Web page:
What is sampling rate?
Sampling is the process of measuring an audio signal at specific points in time. Sampling rate (sr) is a term used in digital audio to describe the rate or frequency at whcih a signal is peridoically samples or measured. The sampling rate or frequency is expressed in Hertz. The sampling frequency in a compact disc player is 44,100 Hertz, which means that the audio signal is sampled 44,100 times per second. The higher the sampling rate, the better the representation of the original analog wave and better the sound quality. See table below.
It is important to prepare the original sound file before re-sampling. For example, if the original sound has background noise, after re-sampling and programmed to the IC, those noises will be increased. Keep in mind that the playback quality can never be 100% as good as the original file because the playback method is not the same. For example, the original sound was played back on the PC with high quality speaker, sound card, etc; while the IC is played back from a circuit directly.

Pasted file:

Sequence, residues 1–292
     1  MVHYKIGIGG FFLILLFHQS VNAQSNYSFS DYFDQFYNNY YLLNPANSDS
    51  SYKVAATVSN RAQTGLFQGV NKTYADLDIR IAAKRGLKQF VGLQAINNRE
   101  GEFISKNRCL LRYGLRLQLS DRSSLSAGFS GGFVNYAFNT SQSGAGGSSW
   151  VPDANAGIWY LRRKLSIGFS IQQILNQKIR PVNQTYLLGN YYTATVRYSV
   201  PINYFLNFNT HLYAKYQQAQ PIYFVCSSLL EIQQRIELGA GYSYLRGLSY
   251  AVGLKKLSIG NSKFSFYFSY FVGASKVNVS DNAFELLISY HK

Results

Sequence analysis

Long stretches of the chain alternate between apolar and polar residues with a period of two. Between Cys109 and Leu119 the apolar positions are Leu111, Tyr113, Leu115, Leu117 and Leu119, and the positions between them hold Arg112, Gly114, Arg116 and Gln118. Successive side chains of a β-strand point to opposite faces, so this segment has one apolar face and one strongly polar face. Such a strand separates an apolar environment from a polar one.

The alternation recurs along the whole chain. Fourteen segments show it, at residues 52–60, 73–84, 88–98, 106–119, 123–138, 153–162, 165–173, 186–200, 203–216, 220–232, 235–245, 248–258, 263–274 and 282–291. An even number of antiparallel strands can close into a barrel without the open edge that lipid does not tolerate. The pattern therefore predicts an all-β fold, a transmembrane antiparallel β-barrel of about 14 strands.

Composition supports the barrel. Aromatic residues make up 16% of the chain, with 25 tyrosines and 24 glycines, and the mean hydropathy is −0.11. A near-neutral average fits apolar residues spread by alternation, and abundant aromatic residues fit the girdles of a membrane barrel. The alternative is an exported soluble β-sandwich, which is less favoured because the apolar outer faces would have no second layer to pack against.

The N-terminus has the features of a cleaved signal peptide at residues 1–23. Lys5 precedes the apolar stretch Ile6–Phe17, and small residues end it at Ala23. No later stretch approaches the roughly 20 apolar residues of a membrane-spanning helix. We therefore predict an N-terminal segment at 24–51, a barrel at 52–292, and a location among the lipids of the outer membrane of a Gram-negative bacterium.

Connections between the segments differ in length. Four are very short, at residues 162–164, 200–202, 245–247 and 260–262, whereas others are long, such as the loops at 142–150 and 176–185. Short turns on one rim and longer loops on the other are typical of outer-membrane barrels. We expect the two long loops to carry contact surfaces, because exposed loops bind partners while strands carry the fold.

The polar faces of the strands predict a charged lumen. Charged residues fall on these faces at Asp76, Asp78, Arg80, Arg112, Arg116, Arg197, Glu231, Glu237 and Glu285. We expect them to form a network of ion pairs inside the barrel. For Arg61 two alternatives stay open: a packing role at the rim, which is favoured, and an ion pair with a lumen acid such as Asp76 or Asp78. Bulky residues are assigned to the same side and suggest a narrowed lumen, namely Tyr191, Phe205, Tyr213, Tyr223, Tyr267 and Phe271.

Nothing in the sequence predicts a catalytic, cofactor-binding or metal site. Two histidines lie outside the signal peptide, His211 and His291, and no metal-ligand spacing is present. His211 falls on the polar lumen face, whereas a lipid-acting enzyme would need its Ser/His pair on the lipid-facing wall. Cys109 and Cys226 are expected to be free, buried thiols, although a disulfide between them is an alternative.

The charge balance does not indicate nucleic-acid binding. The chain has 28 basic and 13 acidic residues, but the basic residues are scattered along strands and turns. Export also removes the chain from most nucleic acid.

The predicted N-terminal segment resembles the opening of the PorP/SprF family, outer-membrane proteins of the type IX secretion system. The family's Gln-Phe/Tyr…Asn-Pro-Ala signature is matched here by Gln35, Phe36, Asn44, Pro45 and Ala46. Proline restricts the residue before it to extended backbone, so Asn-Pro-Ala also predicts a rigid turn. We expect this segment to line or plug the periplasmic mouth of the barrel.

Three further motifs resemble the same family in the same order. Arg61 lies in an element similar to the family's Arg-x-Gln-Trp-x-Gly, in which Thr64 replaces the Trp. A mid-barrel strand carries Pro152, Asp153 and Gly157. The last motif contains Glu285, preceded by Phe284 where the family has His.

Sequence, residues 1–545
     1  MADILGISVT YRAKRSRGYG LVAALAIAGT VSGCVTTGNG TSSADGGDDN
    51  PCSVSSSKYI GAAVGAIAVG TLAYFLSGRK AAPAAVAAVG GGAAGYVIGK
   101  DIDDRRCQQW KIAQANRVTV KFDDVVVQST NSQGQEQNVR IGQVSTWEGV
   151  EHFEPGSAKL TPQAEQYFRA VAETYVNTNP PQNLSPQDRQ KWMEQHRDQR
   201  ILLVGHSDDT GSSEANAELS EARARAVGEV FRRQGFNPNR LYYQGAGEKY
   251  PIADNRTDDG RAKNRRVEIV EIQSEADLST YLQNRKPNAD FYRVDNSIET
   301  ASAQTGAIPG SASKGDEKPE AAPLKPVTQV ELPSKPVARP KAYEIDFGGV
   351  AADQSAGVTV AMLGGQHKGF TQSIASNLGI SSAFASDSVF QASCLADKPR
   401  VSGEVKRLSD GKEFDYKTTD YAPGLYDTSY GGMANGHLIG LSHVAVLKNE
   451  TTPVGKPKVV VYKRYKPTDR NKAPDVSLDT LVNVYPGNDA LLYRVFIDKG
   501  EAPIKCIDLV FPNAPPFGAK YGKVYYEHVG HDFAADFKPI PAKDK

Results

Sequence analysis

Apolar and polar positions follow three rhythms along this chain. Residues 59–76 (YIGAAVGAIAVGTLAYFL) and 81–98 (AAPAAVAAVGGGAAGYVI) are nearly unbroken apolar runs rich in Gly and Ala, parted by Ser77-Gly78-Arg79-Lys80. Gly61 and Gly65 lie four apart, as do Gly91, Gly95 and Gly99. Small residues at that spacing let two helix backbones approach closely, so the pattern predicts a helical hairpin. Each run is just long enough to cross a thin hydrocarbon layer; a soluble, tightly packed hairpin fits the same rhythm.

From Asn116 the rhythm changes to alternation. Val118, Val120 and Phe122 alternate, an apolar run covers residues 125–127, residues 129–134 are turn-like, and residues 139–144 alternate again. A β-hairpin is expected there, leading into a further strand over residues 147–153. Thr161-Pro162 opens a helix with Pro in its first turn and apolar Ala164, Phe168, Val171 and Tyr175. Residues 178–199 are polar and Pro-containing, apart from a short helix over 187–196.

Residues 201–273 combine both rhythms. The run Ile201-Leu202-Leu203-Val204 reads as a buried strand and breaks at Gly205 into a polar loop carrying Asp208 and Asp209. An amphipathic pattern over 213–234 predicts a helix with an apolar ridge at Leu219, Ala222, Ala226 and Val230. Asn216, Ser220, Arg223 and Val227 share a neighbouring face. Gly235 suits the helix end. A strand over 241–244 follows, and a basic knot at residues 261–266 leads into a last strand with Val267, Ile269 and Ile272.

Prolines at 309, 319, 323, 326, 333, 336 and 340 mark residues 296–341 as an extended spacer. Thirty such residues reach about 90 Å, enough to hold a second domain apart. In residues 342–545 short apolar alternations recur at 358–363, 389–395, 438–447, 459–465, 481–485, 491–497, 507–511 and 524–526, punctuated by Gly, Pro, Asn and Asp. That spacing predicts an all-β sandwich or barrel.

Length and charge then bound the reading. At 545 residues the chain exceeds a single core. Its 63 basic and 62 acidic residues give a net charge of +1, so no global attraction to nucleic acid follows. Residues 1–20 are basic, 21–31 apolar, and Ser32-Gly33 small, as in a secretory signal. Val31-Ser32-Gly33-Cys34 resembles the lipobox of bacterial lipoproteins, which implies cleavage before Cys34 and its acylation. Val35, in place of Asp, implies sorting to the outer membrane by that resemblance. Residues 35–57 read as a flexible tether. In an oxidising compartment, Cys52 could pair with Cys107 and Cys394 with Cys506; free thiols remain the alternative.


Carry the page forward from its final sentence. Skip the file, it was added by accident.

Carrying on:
How to calculate
To calculate the maximum duration of each IC, it depends on the memory of the IC. Each of the OTP IC has memory size as below:
The general formula that gives the relation ship between the duration and sampling rate is:
Duration (in seconds) =
Note: The compression bits are ADPCM = 4 bits, PCM = 8 bits, 5-uLaw = 5 bits
For an 8M memory IC with 4 bit compression at 6 KHz sampling rate, the duration is:
Based on the sampling rate, the quality of the IC can be improved. If your application requires better quality, save the sound file at a higher sampling rate like 8 KHz or 12 KHz.
For the same 8M memory IC, if we use 8 bit compression and 12 KHz sampling rate, the duration is reduced from 341 secs to 85 secs.
Sampling Frequency Rate Table (ADPCM / PCM)
Sampling Frequency Rate Table (5-uLaw)
Resistor (ohm) / Rosc values for Sampling Rate
See also PCM vs ADPCM
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